I enjoyed this collection because of Tlali’s descriptive power, the historical importance and current relevance of the themes explored. There are pockets of humor here and there, that was refreshing because the overarching mood of the book is heavy, which is expected because of the setting and period of the stories. It is clear to see that Tlali had a deep knowledge of Soweto and writes from a place of knowledge, honesty, care and more importantly resistance. This collection had me thinking of individual and collective oppression, individual and collective resistance and the meaning of freedom. This was my first time reading Tlali and this will not be my last!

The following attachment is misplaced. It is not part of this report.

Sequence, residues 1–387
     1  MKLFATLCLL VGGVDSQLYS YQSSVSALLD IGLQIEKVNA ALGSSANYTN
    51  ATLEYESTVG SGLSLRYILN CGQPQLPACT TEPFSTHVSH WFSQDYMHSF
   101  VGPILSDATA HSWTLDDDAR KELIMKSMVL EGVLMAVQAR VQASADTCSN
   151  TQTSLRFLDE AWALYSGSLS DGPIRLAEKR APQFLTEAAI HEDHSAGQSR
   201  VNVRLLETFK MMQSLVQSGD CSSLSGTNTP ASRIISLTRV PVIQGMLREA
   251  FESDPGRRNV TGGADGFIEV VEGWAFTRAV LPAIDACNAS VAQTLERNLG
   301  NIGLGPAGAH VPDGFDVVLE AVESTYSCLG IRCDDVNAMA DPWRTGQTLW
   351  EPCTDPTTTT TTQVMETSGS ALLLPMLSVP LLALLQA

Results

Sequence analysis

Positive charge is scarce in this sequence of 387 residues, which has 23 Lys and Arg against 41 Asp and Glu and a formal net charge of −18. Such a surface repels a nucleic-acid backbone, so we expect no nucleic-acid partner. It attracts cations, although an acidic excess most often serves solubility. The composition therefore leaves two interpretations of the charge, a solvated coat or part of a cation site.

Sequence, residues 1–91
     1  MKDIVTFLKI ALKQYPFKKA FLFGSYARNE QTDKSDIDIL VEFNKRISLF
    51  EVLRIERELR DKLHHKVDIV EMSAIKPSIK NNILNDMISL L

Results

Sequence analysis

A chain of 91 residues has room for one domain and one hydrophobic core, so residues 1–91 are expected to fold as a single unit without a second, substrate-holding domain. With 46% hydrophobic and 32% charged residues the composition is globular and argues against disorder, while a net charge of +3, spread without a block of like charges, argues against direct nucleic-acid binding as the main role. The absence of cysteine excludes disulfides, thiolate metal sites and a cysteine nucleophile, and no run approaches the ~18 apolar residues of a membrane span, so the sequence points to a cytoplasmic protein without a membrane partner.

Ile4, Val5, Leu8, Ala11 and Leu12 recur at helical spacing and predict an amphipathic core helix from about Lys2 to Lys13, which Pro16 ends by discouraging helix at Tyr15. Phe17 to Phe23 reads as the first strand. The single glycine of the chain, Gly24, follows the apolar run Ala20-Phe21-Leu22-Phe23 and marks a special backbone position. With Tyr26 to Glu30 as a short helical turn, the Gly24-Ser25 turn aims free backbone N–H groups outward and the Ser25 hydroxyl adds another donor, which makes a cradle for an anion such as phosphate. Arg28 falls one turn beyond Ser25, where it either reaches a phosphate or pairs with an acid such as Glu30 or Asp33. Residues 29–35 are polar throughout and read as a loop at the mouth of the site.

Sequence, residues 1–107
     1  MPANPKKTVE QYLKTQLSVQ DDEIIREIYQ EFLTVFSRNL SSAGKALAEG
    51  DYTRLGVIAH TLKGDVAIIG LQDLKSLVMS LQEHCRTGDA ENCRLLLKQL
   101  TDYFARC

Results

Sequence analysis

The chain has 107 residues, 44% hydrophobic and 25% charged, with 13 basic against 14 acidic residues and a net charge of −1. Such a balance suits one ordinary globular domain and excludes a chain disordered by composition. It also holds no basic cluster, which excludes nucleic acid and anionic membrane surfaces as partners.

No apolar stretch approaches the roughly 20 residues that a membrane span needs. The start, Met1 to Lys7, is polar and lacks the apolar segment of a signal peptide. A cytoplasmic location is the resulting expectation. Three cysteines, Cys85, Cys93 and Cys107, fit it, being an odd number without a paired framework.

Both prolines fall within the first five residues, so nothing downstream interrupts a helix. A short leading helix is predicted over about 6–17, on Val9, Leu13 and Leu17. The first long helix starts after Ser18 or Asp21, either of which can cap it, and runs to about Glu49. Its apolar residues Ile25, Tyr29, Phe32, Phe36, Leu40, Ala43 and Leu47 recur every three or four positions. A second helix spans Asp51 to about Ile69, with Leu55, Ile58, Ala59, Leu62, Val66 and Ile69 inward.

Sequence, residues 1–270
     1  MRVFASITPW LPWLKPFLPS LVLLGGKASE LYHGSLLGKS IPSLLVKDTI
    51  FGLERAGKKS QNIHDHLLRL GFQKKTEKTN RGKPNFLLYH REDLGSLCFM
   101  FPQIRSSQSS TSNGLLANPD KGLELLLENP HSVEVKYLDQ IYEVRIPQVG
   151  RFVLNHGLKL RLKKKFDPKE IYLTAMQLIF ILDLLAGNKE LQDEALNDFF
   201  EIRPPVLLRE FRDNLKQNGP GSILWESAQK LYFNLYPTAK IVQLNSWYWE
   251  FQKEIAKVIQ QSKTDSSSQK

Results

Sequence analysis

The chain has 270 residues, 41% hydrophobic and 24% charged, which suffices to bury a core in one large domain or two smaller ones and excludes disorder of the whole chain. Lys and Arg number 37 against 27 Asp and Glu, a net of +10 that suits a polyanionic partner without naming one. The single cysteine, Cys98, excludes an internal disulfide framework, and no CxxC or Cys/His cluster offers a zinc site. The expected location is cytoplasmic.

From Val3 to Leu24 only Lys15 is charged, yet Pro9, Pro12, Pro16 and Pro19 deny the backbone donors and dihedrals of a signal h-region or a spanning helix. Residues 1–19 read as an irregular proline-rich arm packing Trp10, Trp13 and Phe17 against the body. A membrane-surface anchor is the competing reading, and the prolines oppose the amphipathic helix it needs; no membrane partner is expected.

Book Details

Title: Soweto Stories

Author: Miriam Tlali

Genre: Short stories anthology

Pages: 140

Publisher: Pandora List (1989)